In addition to the tv transmission towers of the Artarmon Triangle, there are many more Eiffel Towers to be found in Sydney.
Some details of Sydney’s history lurk close to the surface and are often repeated. Closely coupled with the AWA Tower is the fact that it used to be the tallest building in Sydney. The AWA is defined by what it once was, the decades between 1939 and 1962 when its radio mast topped the city skyline. In part it is because it seems so unlikely as a city’s tallest building now that the city has grown up around and above it.
The AWA mast is Sydney’s best known Eiffel Tower; the design was based on the Paris original. The mast allowed the AWA to exceed the 150 foot limit for city buildings that applied until the late 1950s, as it was not considered part of the overall height. The building’s caretaker would take groups of people up to the viewing platform on the mast to look out over the city. This was until the day in the 1970s when a sightseeing group were stuck in the lift between floors for four hours before anyone noticed they were missing.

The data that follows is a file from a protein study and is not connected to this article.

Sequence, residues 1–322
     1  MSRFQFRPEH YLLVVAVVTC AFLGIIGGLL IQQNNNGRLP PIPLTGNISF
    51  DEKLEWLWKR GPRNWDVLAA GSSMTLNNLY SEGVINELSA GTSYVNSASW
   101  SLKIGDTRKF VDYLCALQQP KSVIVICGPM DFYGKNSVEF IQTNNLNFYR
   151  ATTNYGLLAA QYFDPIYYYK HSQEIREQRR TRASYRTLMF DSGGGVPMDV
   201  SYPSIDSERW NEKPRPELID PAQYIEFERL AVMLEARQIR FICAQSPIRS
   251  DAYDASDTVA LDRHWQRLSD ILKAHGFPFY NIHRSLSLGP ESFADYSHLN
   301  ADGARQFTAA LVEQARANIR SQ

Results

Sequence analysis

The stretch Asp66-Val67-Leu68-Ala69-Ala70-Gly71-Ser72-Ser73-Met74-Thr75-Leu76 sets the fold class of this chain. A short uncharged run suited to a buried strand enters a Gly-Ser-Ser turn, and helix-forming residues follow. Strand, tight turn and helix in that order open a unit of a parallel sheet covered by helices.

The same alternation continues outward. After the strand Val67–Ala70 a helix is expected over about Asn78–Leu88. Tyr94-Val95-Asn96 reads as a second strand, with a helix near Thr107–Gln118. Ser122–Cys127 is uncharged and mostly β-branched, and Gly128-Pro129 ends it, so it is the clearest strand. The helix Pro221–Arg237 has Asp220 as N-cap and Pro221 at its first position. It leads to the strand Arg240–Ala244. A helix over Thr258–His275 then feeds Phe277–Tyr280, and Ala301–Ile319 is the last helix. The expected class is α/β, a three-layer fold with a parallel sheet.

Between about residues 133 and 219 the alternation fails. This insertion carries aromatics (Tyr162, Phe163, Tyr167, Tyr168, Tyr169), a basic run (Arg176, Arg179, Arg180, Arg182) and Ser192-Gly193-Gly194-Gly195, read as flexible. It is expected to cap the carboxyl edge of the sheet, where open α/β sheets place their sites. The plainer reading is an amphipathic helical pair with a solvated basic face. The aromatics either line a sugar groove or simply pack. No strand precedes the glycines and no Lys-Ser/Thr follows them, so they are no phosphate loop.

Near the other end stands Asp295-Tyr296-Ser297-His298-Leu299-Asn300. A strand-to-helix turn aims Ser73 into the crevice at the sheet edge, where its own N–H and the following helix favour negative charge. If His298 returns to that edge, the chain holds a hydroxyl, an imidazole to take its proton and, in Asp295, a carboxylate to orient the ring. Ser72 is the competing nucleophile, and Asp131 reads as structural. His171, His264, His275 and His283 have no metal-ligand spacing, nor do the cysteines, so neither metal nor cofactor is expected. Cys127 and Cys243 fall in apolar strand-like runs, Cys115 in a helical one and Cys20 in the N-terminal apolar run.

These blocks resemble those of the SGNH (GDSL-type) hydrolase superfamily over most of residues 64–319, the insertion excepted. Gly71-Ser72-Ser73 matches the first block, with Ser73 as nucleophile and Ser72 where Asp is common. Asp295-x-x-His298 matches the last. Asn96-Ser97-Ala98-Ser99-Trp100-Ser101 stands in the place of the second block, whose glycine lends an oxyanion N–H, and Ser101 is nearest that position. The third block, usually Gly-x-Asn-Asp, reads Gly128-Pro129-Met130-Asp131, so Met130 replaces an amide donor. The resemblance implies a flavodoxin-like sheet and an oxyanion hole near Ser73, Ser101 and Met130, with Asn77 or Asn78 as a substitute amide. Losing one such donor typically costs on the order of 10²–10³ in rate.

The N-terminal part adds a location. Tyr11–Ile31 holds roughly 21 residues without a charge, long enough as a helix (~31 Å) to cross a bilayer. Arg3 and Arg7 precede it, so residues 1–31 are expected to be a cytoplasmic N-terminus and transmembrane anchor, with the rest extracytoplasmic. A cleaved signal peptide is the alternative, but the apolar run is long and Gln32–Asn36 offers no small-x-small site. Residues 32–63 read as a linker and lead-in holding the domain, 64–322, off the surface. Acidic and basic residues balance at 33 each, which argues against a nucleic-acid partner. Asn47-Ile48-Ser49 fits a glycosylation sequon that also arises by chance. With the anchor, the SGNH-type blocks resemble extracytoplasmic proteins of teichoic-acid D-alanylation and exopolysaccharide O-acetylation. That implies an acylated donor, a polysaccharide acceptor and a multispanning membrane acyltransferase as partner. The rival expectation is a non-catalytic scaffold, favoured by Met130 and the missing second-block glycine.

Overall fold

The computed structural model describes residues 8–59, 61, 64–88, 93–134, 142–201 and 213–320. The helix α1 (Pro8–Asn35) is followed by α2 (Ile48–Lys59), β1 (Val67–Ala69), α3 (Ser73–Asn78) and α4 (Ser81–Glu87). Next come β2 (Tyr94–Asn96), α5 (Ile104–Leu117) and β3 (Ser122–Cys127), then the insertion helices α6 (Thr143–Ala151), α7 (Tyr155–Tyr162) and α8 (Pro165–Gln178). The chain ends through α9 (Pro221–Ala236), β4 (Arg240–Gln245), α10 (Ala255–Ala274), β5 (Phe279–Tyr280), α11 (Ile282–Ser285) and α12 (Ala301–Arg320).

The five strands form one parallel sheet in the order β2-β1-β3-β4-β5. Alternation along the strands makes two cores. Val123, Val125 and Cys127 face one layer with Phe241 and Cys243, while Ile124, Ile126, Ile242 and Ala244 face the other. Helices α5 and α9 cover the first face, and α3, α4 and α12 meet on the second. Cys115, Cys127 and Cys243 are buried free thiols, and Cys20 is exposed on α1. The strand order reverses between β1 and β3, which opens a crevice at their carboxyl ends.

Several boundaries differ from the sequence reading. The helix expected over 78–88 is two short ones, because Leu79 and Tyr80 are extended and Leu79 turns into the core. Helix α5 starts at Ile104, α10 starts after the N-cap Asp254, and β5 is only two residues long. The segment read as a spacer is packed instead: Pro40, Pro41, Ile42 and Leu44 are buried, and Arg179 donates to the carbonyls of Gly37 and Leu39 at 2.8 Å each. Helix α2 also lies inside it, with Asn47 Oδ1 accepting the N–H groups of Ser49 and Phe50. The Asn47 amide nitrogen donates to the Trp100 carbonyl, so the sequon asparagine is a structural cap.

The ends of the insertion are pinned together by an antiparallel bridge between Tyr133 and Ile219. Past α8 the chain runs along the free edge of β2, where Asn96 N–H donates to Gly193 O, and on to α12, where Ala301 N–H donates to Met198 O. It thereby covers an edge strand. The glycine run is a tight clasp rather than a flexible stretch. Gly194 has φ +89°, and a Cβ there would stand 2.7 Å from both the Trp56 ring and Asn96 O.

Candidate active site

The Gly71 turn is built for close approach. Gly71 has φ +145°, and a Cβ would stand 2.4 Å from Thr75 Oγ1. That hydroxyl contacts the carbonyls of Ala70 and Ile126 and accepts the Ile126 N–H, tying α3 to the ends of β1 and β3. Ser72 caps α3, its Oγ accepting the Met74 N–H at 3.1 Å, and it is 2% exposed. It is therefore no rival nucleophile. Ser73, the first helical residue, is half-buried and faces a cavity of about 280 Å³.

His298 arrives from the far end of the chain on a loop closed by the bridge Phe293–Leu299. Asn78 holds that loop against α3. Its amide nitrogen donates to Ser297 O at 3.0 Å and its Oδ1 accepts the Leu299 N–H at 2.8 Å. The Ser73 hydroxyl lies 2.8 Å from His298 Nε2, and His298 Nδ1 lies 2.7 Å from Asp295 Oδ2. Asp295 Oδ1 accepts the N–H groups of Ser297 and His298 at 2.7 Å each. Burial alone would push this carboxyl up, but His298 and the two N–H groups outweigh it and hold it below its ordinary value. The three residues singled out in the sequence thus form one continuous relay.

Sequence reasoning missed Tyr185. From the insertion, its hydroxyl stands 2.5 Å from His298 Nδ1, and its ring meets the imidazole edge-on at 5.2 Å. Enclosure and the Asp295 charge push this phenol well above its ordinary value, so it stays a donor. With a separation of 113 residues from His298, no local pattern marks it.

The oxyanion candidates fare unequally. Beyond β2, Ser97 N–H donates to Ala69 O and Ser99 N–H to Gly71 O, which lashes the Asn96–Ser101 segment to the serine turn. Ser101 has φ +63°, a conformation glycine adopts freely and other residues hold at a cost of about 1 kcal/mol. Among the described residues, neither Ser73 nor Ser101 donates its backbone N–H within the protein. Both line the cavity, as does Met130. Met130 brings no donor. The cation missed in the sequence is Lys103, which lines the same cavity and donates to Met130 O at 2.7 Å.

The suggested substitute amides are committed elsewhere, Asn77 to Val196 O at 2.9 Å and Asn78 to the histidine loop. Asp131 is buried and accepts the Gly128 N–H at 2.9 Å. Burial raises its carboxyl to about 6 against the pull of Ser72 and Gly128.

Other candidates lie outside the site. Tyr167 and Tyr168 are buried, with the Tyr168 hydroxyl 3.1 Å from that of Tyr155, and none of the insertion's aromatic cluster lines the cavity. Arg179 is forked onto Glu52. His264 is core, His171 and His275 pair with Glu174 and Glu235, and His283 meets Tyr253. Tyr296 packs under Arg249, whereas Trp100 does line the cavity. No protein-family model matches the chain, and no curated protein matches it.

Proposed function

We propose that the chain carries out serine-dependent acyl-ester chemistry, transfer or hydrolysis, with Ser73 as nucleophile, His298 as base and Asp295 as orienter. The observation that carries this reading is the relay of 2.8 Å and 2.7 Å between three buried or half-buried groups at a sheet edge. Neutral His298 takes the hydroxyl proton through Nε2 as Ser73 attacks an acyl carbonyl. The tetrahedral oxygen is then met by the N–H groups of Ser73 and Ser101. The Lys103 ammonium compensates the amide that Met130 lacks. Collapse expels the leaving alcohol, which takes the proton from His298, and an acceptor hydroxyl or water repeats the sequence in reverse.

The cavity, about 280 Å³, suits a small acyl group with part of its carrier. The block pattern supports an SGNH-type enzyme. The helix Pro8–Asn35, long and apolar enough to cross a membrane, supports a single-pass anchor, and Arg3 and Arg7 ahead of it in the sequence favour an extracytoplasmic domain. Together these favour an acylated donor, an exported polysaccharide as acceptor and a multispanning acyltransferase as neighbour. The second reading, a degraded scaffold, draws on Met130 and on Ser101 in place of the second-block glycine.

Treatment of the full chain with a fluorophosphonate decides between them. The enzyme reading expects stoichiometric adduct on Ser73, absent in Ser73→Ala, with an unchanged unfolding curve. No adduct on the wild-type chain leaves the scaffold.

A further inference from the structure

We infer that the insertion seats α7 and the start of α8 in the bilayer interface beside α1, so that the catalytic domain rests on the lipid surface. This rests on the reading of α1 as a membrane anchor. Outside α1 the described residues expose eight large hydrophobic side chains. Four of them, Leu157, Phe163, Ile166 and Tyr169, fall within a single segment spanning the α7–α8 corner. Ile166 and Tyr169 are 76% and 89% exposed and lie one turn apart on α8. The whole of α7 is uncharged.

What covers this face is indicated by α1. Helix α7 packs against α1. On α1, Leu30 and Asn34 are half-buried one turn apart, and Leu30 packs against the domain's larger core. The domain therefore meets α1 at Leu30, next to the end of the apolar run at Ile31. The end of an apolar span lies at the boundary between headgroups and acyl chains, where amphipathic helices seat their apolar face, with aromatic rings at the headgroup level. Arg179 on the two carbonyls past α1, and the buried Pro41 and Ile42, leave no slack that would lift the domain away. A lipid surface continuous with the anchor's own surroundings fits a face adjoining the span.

Eiffel Towers have spread throughout the Sydney suburbs. They are transmission towers and church spires, they are found in paintings on the walls of cafes, on signs for bakeries and shoe shops. On Canterbury Road, across from the run-down and shuttered-up old shopping strip, an Eiffel rises from the roof of a digital camera store. The building once housed a radio manufacturer which was a subsidiary of AWA, making the Canterbury tower is a smaller, suburban relative to the city Eiffel.
At Lidcombe another Eiffel rises from the public weighbridge and perspex dealer on Parramatta Road. The perspex place is a weird combination of breezeblock walls, shipping containers and faded signs with six digit phone numbers. The Eiffel only adds to its mystery.
Then there are the Eiffels that exist for one night only, in suburban gardens.
Do you know any suburban Eiffels? Look out for them – there are more out there than you’d think.